JERSEY
A knit fabric that has a smooth flat surface and a more textured, but uniform back. Most common fabric used for T-Shirts.

KNIT
Fabric formed by interlooping one or more strands of yarn by using knitting needles. The vertical rows of loops are called "wales"; the horizontal loops are called "courses". Changing the loop arrangement will produce a variety of knit constructions or stitches, such as Pique, Interlock, Rib, etc.

PIECE DYED
Color is introduced onto the fabric after the knitting or weaving process. This is completed before any cutting or sewing of the garment takes place.

PILLING
Tangled fiber ball that appears on the surface of a fabric from wear, continued friction or rubbing. This is common on fabric blends where the synthetic and natural fibers become broken and tangled together.

PIQUE
A knit fabric that has a surface resembling a waffle or honeycomb. Typically used in polos or sportshirts.

RIB KNIT
Rib knits have a high degree of natural elasticity in the crosswise direction. This fabric is commonly used for sleeve cuffs, collars and waistbands.

ULTRAVIOLET PROTECTION
Fabric that provides protection by blocking Ultra Violet Radiation from passing through, reducing the risk of skin injury associated with Ultra Violet exposure.

WICKING
A fabric or yarn’s ability to absorb and move moisture to the outer surface so that it may rapidly evaporate.

X-TEMP®
Moisture wicking that adjusts to your body temperature to work harder the hotter you get. Helps control body temperature through evaporation of moisture for all-day comfort.

GARMENT TERMS

BUNGIE CORD / DRAWCORD
A string or cord that is sewn into the seam of a garment which can be pulled to tighten or close it.

COVERED ZIPPER
Also know as a Kissing Welt Zipper. A zipper that has it’s teeth covered by fabric. Common on many outerwear garments that are embellished across the top of the zipper.

DYED-TO-MATCH
Also known as "DTM". Often refered to components of a garment that are intended to match in color to the body of the garment.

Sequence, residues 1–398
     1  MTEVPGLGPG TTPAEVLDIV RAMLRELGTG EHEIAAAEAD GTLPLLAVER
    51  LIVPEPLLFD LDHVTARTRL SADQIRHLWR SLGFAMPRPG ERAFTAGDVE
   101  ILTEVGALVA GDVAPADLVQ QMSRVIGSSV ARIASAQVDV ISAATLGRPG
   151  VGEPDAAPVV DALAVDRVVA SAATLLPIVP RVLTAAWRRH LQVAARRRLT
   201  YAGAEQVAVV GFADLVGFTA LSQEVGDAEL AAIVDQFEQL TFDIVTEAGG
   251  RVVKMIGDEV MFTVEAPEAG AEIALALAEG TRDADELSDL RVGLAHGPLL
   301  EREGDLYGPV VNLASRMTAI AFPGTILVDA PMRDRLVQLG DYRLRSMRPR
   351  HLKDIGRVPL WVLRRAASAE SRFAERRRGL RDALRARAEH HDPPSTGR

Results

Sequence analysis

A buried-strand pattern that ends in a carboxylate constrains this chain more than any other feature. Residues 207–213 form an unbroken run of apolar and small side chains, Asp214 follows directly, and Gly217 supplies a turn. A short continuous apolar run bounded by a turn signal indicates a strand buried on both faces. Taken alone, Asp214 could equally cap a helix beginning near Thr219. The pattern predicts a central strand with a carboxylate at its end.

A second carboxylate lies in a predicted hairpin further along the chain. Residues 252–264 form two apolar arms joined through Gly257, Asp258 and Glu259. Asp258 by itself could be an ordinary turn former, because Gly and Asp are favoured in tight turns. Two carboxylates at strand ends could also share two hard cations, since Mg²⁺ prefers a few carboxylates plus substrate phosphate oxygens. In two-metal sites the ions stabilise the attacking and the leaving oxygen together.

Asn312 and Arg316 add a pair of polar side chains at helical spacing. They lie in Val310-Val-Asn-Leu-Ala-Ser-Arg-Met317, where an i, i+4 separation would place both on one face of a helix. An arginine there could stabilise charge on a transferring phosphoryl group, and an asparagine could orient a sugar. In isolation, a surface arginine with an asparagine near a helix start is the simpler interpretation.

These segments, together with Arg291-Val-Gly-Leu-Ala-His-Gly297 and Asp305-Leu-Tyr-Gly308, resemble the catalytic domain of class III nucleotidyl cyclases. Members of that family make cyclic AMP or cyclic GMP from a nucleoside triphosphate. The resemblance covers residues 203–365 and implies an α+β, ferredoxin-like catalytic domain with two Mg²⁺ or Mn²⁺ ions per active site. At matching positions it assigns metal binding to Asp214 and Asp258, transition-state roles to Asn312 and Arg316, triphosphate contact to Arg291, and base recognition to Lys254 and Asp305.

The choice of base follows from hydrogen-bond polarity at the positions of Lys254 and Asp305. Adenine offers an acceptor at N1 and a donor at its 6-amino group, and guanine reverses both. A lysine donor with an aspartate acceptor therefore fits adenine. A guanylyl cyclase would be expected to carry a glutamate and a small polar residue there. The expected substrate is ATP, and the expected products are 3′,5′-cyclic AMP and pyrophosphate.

FLAT KNIT COLLAR
A rib knit used to make the collar on many polos. Used for it’s stretch and recovery properties which helps the collar to keep it’s shape when worn.

GROMMET
A small ring or stud of metal used to reinforce an eyelet. Common on garments with drawcords.

GUSSET
An additional fabric insert sewn on a garment for added strength or expansion. Usually under the arms on garment tops, or in the crotch area of bottoms.

LOCKER PATCH
Also known as a "Moon Patch" or "Half Moon". A piece of fabric sewn along the back neck area of a garment, usually for reinforcement when hanging the garment on a hook, or in a locker.

PLACKET
The construction that forms the opening along the front of a shirt, allowing the wearer to put it on and take it off with ease.

RAGLAN ARMHOLES/SLEEVES
Raglan sleeves are sewn closer to the neckline and have a sweeping curve towards the shoulders and under the arms, giving the wearer more room in the armholes and freedom of movement.

SELF-FABRIC
Refers to a component of a garment that is made from the same material as the body of the garment. Shoulder to shoulder taping in a tee shirt is often made with self-fabric material, as well as the collar on many polos instead of a flat knit rib.

SET-IN SLEEVES
A set-in sleeve is sewn at the armhole of the garment at or near the natural edge of the shoulder. The seam line is generally straight or slightly curved from the shoulder to under the arm.

SHOULDER TO SHOULDER TAPING
Material that is sewn across the back of a garment, starting at one shoulder and running across the back neck to the opposite shoulder. Used for reinforcement of the garment as well as added comfort.

VENT
A slit in a garment which allows room for movement, as in the sides of a polo or the back seam opening of a jacket.

V-NOTCH